The Restricted Activities Rule addresses five specific activities of Managers.

Making certain disclosures, by themselves, will enable three of such activities to be undertaken by Managers:

(i) Reduction of Manager “Clawbacks” for Taxes;

(ii) Charging the Fund for Regulatory, Compliance and Examination-Related Expenses of the Manager; and

(iii) Non-Pro Rata Allocation of Portfolio Investment-Related Fees and Expenses Across Different Funds Investing in Same Investment

However, to engage in two of such activities, Managers, in addition to making certain disclosures, will be required to obtain written “investor consent” to such activities in advance (“Investor Consent”):

(i) Direct Borrowing by the Manager from the Fund; and

(ii) Charging the Fund for Investigation-Related Expenses of the Manager

The threshold for Investor Consent, for purposes of the Rules, refers to a majority-in-interest of the Investors that are not related persons of the Manager.

a. Three Restricted Activities with Disclosure-Based Exceptions

(i) Reduction of Manager “Clawbacks” for Taxes

If the Manager decides to authorize any “clawbacks” in the Fund’s offering documents (a provision whereby the Manager will be obligated to pay back any previously received performance fees to the Investors upon certain events delineated in the Fund’s Governing Documents), the Manager may not reduce the clawback by any actual, potential, or hypothetical tax amount unless the Manager discloses the pre-tax and post-tax clawback amount to all investors within 45 days of the end of the fiscal quarter in which such clawback occurs. Note: This is not a Grandfathered Rule.

(ii) Charging the Fund for Regulatory, Compliance and Examination-Related Expenses of the Manager

The Manager must disclose within 45 days of the end of each fiscal quarter after directly charging Investors the following fees and expenses: 

(i) regulatory or compliance fees and expenses associated with the Manager or its related persons; and 

(ii) fees and expenses associated with an examination of the Manager or its related persons by a Governmental Authority.

Note: This is not a Grandfathered Rule.

(iii) Non-Pro Rata Allocation of Portfolio Investment-Related Fees and Expenses Across Different Funds Investing in Same Investment

If the Manager elects to allocate fees and expenses associated with a portfolio investment (each, a “Portfolio Investment” and collectively, “Portfolio Investments”) on a non-pro rata basis across different Funds investing in the same Portfolio Investment(s), the Manager must disclose, in advance:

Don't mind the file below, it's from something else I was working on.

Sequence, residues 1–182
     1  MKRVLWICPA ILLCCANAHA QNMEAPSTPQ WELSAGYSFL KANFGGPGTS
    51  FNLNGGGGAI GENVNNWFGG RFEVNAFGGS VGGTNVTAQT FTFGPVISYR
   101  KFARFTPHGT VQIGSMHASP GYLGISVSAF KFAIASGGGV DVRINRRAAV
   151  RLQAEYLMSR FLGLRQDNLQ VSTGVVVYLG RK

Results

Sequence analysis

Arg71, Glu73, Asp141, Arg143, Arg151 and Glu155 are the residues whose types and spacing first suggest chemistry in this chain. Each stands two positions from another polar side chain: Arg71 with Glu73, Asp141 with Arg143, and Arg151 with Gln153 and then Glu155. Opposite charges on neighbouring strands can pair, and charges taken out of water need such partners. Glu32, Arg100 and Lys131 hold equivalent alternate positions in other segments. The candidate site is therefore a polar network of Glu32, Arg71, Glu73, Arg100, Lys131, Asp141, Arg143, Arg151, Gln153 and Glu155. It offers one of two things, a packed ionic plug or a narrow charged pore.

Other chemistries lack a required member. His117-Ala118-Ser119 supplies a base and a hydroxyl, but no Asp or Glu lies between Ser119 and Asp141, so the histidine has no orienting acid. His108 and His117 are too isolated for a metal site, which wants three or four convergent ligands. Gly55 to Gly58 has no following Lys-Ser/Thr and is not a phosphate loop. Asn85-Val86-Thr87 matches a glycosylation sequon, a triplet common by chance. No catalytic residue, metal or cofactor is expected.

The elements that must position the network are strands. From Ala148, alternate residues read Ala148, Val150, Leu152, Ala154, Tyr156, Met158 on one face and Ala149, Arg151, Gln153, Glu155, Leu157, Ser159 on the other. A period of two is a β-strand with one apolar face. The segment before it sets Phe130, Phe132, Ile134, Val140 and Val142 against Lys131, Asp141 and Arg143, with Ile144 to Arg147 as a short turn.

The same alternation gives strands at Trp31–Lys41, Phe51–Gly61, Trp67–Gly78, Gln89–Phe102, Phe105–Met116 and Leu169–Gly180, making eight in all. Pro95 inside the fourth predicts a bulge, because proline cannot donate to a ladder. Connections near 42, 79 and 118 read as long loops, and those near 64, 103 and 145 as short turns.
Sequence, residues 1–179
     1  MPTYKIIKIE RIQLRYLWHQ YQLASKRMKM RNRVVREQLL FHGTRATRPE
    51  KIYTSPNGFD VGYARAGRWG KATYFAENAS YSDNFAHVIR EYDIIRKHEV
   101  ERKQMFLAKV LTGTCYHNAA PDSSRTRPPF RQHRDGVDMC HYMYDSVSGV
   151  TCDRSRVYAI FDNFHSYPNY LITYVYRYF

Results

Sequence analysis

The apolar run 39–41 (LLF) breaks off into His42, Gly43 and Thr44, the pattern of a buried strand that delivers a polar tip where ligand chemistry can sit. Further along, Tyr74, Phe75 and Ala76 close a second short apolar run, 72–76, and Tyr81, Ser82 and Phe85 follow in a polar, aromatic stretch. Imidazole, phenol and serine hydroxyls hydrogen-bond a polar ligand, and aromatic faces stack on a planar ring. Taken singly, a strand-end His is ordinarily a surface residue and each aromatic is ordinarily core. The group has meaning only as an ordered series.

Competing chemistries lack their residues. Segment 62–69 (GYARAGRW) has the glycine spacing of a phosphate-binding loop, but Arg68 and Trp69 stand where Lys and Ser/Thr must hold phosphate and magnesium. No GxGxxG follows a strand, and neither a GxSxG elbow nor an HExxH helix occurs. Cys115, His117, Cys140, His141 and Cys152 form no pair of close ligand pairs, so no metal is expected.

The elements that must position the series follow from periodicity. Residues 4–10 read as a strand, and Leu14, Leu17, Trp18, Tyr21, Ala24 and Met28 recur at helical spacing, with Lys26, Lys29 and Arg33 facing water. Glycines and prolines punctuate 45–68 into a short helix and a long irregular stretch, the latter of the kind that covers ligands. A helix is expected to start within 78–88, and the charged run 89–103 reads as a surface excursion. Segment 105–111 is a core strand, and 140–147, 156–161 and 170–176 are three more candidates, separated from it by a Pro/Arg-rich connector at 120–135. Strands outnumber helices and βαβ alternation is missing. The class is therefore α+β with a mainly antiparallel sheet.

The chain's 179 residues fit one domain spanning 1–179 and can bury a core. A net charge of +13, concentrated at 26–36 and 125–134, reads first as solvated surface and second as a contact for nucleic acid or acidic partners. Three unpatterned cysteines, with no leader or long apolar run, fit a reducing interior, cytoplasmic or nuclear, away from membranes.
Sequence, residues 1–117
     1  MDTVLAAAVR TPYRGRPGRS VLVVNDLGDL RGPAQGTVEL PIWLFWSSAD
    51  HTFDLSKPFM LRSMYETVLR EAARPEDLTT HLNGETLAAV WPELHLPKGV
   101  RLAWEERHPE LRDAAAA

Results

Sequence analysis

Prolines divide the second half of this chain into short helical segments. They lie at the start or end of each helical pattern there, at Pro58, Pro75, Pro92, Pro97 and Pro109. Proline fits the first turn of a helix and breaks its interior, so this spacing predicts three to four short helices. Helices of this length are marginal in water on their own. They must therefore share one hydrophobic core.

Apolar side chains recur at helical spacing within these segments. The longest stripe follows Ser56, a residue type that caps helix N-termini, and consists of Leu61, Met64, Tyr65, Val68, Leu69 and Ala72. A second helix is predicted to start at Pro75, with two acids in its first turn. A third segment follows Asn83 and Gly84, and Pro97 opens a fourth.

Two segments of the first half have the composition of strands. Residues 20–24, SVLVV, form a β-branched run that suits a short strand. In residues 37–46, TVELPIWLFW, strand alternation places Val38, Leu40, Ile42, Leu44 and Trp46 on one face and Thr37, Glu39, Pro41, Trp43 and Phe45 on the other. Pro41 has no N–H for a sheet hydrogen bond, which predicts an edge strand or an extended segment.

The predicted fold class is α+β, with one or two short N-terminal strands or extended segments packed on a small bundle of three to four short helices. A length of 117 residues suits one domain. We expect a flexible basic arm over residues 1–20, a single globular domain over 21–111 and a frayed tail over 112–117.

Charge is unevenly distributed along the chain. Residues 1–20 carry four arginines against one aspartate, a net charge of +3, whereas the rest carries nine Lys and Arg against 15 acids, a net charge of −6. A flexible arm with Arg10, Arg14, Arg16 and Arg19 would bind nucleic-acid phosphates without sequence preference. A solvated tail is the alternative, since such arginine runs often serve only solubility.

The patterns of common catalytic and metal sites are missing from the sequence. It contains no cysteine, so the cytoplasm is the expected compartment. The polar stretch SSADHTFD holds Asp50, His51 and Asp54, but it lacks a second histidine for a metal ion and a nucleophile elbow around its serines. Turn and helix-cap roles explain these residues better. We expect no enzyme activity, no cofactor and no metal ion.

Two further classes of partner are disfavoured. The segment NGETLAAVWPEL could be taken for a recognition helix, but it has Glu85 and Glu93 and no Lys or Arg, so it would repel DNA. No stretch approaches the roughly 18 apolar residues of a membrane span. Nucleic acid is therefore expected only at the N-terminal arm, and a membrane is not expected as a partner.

(i) such election; and 

(ii) an explanation as why such allocation is fair and equitable.

Note: This is not a Grandfathered Rule.

b. Two Restricted Activities with Investor Consent-Based Exceptions

(i) Direct Borrowing by the Manager from the Fund

The Manager must both disclose and receive Investor Consent for any borrowing from the Fund. Note: This is a Grandfathered Rule.

(ii) Charging the Fund for Investigation-Related Expenses of the Manager

The Manager must both disclose and receive Investor Consent for authorizing charging the Fund for fees and expenses related to investigations of the Manager or its related persons by a Governmental Authority. 

The Manager is absolutely prohibited from charging the Fund for fees and expenses related to any such investigations resulting in sanctions imposed by a court or Governmental Authority for a violation of the Advisers Act or the rules promulgated thereunder. Note: This is a Grandfathered Rule.

Note on “Compliance Dates”

Managers that are:

(i) “large private fund advisers,” defined as Managers with at least $1.5 billion in Fund assets under management (“AUM”), have a compliance date of:

(A) 18 months after final publication of the Rules in the federal register for the (x) “Quarterly Statement Requirement of Fund-Level Fees, Expenses, and Performance” and (y) “Annual Fund-Level Audit Requirement” portions of the Rules; and

(B) 12 months after such publication for all other Rules; and

(ii) “small private fund advisers,” defined as Managers with less than $1.5 billion in Fund AUM, have a compliance date of 18 months after such publication (each such date, a “Compliance Date”).

Note on “Grandfathered Rules”

There are certain portions of the Rules (the “Grandfathered Rules”) that do not apply to Funds if:

(i) a Fund has commenced operations (broadly defined by the SEC as having engaged in bona fide investment, fundraising, or operational activity) as of the Compliance Date;

(ii) the Governing Agreements of the Fund were entered into prior to the Compliance Date; and

(iii) if the Governing Agreements were found to be subject to the applicable portion of the Rules, such parties would be required to amend the Governing Agreements.

These Grandfathered Rules are:

(i) Under the Preferential Treatment Rule:

(A) “Redemption Rights May Only be Uniformly Offered to All Investors”;

(B) “Certain Portfolio Information May Only be Provided to All Investors at the Same Time”; and

(ii) Under the Restricted Activities Rule:

(A) “Direct Borrowing by the Manager from the Fund”; and

(B) “Charging the Fund for Investigation-Related Expenses of the Manager”.

These exceptions are also noted in the descriptions of each rule above.

Note on Recordkeeping

All managers, generally, will be required to maintain copies of any written notices, audited financial statements, periodic reports or similar information required to be disclosed or provided to Investors below.

II. Four Rules Only Applicable to SEC-Registered Managers and Related Persons (collectively, “SEC RIAs”)

1. Quarterly Statement Requirement of Fund-Level Fees, Expenses, and Performance

An SEC RIA must distribute to all Investors a quarterly statement including certain information regarding the below:

(i) a Fund-level report of all:

(A) compensation paid by the Fund to the SEC RIA; 

(B) fees and expenses charged to the Fund (even if related to the Fund and not the SEC RIA); and

(C) offsets or rebates carried forward to subsequent quarterly periods to reduce future SEC RIA compensation; 

(ii) If applicable, a Portfolio Investment-level report of all compensation, fees, and other amounts paid to the SEC RIA or related person by the Portfolio Investment attributable to the Fund’s interest in the Portfolio Investment; and

(iii) a report of Fund-level performance information that discloses either in regards to:

(A) liquid funds, performance based on net total return on an annual basis for the shorter of:

(x) 10 fiscal years, prior to the quarterly statement; or 

(y) since the Fund’s inception; or

(B) illiquid funds:

(x) performance based on internal rates of return and multiples of invested capital since inception; and